Overview: The Proteas go into the tournament with no positive history in six previous T20 World Cups to draw on, but they have some recent form. They have won four of their last six T20I series, drawn one and lost one, and are ranked fifth in the world in T20I cricket. They have a strong spinning unit with Shamsi and Keshav Maharaj leading the way, backed up by Aiden Markram’s growing all-rounder status. 

Team: England

Best T20 WC: Winner (2010)

Key player/s: Moeen Ali, Eoin Morgan

Overview: England are the reigning ODI world champions and the No 1-ranked T20I team going into the tournament, but the conditions in the Middle East might test their spin-bowling options. They have a strong batting unit and high-quality seam bowlers in Chris Woakes and Chris Jordan, and speedster Mark Wood. 

Team: Australia

Best T20 WC: Runner-up (2010)

Key player/s: Glenn Maxwell, Aaron Finch

Overview: The T20 World Cup remains the only title Australia have not won in men’s cricket and despite their world ranking of No 7 going into the tournament, they have the talent to change that stat. Their batting is stacked with quality, from David Warner and Steve Smith to captain Aaron Finch and Glenn Maxwell.

Team: West Indies

Best T20 WC: Winners 2012 and 2016

Key player/s: Kieron Pollard, Shimron Hetmyer

Overview: The only team to have won the T20 World Cup twice, the Windies go into the 2021 tournament without much form and a world ranking of nine. In Chris Gayle, they still have a potential match-winning batter, although his recent form doesn’t bode well. Captain Kieron Pollard has played 500 T20Is, and remains a superb all-rounder. The Windies have many power hitters in their line-up, but a lot will have to go right for them to win the title.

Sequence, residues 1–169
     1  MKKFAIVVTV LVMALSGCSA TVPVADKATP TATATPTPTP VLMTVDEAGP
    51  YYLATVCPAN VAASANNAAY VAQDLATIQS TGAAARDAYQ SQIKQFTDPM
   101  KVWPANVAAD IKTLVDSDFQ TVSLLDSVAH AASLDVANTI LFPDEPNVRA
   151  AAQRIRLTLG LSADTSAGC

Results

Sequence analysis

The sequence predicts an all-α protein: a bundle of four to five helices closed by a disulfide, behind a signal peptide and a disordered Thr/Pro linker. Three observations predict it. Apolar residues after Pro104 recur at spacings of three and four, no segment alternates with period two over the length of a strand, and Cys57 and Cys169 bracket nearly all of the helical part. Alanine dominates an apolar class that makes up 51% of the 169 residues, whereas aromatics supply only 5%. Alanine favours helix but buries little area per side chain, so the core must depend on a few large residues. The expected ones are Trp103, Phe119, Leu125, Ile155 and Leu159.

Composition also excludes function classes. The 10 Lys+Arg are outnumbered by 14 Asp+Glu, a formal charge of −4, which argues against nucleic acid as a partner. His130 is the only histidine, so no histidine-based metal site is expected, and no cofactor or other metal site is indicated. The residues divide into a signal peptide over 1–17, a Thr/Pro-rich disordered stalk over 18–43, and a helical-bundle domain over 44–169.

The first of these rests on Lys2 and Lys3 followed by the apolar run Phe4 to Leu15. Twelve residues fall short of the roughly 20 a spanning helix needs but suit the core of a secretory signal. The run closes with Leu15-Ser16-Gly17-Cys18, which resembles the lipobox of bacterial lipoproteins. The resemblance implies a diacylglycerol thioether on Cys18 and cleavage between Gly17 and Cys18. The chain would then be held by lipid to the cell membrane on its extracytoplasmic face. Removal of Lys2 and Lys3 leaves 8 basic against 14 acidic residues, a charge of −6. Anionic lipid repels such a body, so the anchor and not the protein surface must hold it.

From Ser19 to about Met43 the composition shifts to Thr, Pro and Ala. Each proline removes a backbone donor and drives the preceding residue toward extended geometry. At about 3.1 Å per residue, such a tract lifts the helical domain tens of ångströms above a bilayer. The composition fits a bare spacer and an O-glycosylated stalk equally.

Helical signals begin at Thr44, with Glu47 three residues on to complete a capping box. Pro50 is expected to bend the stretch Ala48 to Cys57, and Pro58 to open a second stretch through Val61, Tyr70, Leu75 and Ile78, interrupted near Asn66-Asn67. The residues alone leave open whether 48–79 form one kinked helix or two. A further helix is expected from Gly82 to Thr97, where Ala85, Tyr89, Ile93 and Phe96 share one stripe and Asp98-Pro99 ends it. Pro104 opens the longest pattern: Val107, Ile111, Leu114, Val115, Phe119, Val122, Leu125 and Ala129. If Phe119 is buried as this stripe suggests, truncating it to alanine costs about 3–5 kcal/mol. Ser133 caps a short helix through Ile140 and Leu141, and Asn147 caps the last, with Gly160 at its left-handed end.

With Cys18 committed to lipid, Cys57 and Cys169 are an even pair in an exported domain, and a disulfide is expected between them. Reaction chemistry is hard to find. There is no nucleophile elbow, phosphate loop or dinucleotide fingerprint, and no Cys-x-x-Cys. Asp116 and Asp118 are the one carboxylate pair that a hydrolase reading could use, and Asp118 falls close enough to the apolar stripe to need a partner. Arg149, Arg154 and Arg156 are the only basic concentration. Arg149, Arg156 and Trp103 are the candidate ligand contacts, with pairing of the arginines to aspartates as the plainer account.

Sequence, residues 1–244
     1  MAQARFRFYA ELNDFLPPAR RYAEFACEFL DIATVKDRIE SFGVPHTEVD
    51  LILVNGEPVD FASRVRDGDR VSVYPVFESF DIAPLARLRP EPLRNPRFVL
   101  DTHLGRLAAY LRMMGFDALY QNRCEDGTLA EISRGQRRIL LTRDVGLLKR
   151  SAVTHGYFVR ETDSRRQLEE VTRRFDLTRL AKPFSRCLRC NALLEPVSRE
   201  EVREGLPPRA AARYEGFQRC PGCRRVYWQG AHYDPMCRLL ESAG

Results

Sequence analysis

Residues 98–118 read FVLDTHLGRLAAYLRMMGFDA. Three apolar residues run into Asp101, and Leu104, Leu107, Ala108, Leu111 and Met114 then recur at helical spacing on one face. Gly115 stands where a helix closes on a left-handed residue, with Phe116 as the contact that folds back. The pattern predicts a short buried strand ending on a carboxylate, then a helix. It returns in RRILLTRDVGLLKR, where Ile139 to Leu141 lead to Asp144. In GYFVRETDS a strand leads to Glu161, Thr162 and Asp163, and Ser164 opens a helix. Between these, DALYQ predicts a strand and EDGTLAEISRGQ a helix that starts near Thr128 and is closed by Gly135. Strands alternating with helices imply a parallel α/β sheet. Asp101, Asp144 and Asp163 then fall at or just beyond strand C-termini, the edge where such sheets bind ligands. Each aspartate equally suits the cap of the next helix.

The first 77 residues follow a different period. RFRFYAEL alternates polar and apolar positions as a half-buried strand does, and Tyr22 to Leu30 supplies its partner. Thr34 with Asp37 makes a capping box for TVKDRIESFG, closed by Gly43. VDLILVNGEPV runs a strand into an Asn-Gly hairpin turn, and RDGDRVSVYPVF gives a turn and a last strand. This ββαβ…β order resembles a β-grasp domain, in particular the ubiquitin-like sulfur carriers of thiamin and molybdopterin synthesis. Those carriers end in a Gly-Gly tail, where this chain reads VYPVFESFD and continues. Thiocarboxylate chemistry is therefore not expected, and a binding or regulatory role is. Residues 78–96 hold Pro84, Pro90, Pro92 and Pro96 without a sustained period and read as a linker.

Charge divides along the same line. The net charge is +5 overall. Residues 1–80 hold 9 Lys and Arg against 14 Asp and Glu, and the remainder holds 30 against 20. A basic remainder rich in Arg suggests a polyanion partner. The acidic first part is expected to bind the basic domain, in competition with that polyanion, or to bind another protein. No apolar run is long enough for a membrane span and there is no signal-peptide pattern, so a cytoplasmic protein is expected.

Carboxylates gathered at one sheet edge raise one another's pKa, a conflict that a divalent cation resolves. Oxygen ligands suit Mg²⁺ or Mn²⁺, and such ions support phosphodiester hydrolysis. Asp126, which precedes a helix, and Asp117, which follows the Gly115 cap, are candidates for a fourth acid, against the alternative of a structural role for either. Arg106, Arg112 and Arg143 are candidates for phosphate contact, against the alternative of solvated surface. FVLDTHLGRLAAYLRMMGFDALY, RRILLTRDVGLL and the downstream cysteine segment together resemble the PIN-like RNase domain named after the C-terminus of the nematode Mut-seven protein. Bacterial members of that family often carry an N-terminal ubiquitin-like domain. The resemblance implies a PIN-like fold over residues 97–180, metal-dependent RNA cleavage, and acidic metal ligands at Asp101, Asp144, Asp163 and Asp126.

Group 2 – India, Pakistan, New Zealand, Afghanistan and 2 qualifiers

Team: India

Best ever finish: Winners (2007)

Key player/s: Virat Kohli, Rohit

Sharma, Jasprit Bumrah

Overview: India come into the 2021 edition as one of the two favourites, alongside England. They have won two of their last three T20I series, beating Australia and England, before losing to Bangladesh. The team will be keen to see off captain Virat Kohli with a trophy. The prolific batter is set to step down from his captaincy role in the T20 format after this World Cup.

Team: Pakistan

Best ever finish: Winners (2009)

Key player/s: Babar Azam, Shaheen Afridi

Overview: Pakistan are a young side, but there is also a wealth of experience in their squad, with senior players like Shoaib Malik and Mohammad Hafeez. They also boast some notable names in their coaching department in former Australian batter Matthew Hayden and former Proteas fast bowler Vernon Philander. Although, with them replacing Misbah-ul-Haq and Waqar Younis respectively, just a few weeks ago, it is unclear just how prepared they are.

Team: New Zealand

Best ever finish: Semifinal (2016)

Key player/s: Kane Williamson, Ish Sodhi

Overview: In Kane Williamson the Black Caps possess one of the best captains in the game currently. The batter’s cool and calm demeanour will be crucial in ensuring the New Zealanders keep their heads even during pressure situations. The islanders have won three out of three T20I series in 2021, although they did abandon what would have been their final series before the tournament start, cancelling plans to tour Pakistan and citing “security reasons”.

Team: Afghanistan

Best ever finish: Ninth (2016)

Key player/s: Rashid Khan

Overview: Ranked eighth in the world in this format, Afghanistan boast two of the top five T20I bowlers in the world on the ICC rankings in Rashid Khan and Mujeeb ur Rahman, and the No 1 T20I all-rounder in Mohammad Nabi. They have won seven of their past eight T20I series, with only a rained-out tri-series final against Bangladesh denying them the chance to make that eight from eight. However, their last T20I series was in March 2021 against Zimbabwe, so they will be a bit rusty. DM168

This story first appeared in our weekly Daily Maverick 168 newspaper which is available for R25 at Pick n Pay, Exclusive Books and airport bookstores. For your nearest stockist, please click here.